Press-Republican

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November 25, 2012

Event aims to educate parents, teens about drug use

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“If your kids learn about the risk of drugs from you, they’re 50 percent less likely to use drugs,” she said.

TEAM ACT

Meanwhile, the teens in attendance gathered in the Middle School cafeteria for a game of drug-themed bingo, during which they discussed with Mathews such topics as the negative side effects of drugs, how to recognize when a friend may be abusing substances and how to stand up to peer pressure.

For the final portion of the evening, the parents and children reunited for the High School Reality Panel, featuring a student from AuSable Valley High School and student members of Plattsburgh High School’s Team Act, an above-the-influence group organized by Mathews.

The Team Act group meets once a week at the High School and plans activities like bowling outings, trips to the movies and dodge-ball tournaments to keep teens busy and, therefore, less likely to turn to drugs.

“It really just tries to raise awareness around the school for drug and alcohol use by teens,” PHS senior James Criss, a member of Team Act who participated in the Reality Panel, told the Press-Republican.

HOW TO REACT

During the panel, Criss and the other panel participants shared insight into the best ways to decline invitations to use drugs and the consequences of being dishonest with one’s parents.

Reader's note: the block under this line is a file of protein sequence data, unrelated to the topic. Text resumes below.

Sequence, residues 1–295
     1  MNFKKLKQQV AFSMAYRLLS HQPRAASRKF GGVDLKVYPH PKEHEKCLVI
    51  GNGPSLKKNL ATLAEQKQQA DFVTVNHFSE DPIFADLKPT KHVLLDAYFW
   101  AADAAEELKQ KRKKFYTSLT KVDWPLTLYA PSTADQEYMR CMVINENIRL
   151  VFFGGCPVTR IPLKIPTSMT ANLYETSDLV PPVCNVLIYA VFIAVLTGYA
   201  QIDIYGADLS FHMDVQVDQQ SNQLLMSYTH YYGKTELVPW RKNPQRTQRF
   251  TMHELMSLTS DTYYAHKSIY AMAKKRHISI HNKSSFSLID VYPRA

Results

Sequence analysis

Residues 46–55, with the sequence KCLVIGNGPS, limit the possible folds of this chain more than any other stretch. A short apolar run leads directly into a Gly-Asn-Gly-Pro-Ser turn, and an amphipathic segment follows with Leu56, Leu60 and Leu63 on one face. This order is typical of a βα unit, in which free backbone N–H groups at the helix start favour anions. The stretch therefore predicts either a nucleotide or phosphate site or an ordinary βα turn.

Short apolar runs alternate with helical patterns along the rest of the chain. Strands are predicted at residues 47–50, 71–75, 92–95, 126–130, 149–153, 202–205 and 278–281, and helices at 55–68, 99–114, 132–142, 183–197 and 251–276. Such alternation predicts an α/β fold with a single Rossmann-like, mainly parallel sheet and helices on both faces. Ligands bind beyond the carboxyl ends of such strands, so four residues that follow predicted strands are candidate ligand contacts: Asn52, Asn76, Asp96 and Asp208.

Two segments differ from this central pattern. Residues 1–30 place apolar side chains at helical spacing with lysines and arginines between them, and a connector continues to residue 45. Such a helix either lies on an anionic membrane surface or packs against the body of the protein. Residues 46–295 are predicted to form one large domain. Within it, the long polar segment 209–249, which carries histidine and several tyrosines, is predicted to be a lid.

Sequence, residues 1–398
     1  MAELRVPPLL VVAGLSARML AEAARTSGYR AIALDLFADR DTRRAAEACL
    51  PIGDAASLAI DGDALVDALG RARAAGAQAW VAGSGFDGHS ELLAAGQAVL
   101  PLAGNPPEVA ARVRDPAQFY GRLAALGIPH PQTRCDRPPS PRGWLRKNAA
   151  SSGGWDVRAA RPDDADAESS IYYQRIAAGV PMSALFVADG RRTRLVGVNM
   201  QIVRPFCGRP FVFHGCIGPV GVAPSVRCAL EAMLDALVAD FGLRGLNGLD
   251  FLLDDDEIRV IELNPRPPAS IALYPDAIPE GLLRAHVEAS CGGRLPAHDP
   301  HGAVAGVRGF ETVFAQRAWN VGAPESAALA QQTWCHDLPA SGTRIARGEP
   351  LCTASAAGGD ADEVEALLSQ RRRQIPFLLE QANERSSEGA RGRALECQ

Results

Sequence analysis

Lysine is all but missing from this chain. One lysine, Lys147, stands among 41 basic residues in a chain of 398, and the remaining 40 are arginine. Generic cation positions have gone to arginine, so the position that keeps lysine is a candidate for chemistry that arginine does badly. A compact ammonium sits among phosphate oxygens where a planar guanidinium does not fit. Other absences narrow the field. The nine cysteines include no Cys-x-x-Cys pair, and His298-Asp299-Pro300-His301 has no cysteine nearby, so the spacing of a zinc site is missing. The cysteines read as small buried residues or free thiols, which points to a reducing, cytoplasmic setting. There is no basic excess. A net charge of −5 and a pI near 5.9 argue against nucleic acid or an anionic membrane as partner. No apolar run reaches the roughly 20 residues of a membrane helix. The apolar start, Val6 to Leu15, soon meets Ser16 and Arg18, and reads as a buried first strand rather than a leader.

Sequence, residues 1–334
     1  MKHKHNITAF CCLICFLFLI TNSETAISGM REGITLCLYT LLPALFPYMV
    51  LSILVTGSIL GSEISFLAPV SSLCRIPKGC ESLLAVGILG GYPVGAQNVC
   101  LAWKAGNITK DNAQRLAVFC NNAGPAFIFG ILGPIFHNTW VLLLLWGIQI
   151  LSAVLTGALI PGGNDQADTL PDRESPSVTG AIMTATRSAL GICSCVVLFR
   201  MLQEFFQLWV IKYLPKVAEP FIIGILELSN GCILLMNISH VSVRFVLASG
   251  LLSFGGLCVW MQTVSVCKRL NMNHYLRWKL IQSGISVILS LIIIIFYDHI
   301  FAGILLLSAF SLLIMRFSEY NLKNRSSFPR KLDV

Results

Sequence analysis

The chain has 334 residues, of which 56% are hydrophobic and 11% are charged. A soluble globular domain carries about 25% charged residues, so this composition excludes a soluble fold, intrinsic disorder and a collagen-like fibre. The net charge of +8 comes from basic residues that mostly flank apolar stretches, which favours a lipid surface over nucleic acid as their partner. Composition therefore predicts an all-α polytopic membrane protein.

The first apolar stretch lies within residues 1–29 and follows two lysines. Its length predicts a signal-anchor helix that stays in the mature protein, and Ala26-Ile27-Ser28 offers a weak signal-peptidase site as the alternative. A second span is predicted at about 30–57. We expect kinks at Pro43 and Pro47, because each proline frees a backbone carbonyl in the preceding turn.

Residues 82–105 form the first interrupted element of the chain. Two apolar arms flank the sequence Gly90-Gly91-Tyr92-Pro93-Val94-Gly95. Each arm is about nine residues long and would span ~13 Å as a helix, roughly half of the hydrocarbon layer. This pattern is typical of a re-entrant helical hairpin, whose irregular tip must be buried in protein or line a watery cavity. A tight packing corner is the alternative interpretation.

“It’s not fun when you’re grounded and your friends are all doing things,” panelist Olivia Raugi Chandler, a junior at PHS and member of Team Act, told the audience.

The students also shared what can happen at high-school parties when drugs and alcohol are present.

“People wind up getting chased by police and passed out in the woods,” Raugi Chandler said.

Plattsburgh resident Wendell Robinson-Lewis, who attended the event with stepson Brandon Fox, told the Press-Republican the program provided a lot of good information, which he hopes will help Brandon continue to avoid the temptations of drugs and alcohol.

“He’s pretty good on staying away from stuff because he’s straight-edge, which is a very good thing for him being 12 years old,” Robinson-Lewis said of Brandon, who attends seventh grade at Stafford Middle School.

“I hope that continues when he’s 14 (and) 21.”

Email Ashleigh Livingston: alivingston@pressrepublican.com

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